Wearables aren’t just something that you wear around your wrist anymore, there’s new trend of wearable devices that are meant for your ears – better known as hearables. Combining conventional hearing aid technology with the consumer audio products, it seems the hearables are about to take a big step forward.
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“There’s some interesting information you can capture through the ear. We’ve been looking at things like wrist wearables, but the ear can capture things like oxygen levels, electrocardiograms, and body temperature,” Craig Stires, associate vice president for big data, analytics and software at IDC Asia Pacific, told CNBC last week.
According to IDC, the total number of hearable devices will reach 2.2 million units in 2018, and up to 12.6 million units come 2022. These include hearables that also function as fitness trackers, language translators, and those that augment audio, the IDC report said.
By the end of this year, the hearables market is expected to reach $5 billion, that’s roughly the same size of the entire wearables industry right now, according to Nick Hunn, founder and chief technology officer of U.K. firm Wifore Consulting.
The service economy can be benefited by the hearables, where workers interacting with a customer to provide a service can improve and speed up service by using hearable devices.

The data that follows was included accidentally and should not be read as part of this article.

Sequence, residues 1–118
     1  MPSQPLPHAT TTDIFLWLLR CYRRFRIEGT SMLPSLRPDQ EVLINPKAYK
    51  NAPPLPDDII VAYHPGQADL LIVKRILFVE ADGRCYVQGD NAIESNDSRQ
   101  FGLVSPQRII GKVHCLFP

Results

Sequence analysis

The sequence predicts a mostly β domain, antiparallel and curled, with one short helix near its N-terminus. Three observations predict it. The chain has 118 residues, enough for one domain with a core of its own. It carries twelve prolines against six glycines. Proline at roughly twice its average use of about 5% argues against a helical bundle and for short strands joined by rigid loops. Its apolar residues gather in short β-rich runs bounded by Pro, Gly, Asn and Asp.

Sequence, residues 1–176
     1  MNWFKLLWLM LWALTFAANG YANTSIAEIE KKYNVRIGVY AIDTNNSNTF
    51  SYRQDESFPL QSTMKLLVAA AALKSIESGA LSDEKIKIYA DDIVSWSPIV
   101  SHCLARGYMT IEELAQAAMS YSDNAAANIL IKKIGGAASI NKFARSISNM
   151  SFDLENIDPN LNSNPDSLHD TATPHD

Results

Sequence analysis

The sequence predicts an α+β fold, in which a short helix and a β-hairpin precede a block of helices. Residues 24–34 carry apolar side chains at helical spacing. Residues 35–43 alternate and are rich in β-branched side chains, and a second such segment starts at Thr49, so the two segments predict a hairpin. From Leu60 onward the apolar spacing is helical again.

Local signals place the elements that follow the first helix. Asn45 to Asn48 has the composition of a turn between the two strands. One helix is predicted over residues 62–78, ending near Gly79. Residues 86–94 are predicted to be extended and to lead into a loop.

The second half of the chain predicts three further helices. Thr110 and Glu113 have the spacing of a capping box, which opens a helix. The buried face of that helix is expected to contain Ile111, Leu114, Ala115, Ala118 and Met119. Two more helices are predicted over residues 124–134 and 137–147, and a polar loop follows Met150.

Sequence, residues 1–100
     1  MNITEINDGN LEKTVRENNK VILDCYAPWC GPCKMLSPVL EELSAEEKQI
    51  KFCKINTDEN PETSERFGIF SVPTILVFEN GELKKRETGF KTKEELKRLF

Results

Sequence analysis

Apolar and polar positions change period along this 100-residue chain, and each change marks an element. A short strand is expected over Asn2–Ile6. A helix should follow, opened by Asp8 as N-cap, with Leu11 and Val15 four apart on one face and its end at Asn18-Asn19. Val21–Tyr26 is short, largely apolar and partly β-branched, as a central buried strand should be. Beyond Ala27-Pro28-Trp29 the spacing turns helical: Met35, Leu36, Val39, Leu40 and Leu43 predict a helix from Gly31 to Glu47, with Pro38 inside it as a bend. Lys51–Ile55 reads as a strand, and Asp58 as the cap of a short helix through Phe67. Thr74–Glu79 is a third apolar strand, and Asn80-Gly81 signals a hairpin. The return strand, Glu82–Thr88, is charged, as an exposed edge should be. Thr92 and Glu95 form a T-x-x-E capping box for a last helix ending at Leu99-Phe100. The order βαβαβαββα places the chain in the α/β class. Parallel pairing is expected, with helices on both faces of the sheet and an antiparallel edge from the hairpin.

Historically, hearables have been used as language translators, fitness trackers, and as audio enhancers. But in the future, hearables will connect workers with business systems to perform tasks using their voice. This can significantly reduce or eliminate wait times, and make order taking more precise. In the process, the worker’s hands remain free, enabling them to perform task with their hands if necessary.
Fast Company reported in August that Apple, Google and Amazon all have high priority healthcare projects in the pipeline that involve hearable technology. According to the report, all 3 tech giants hired high ranking staff from Doppler Labs, soon after the company shut down. Three former Doppler employees said Amazon already had a team of 70 people working on hearables when the companies were in talks last year.
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In the hospitality industry, hearables have the potential to be used in:
Retail. Workers on the floor can communicate with workers in a warehouse or even ask for inventory report from sister stores, while remaining present with the customer.
Healthcare. Medical staff can handle patient’s file, message other staff or follow up procedure, while keeping their hands free to car for the patient.
Public safety. First responders can communicate with each other during an emergency, keep their hands free to operate equipment or direct others, and share information with other departments.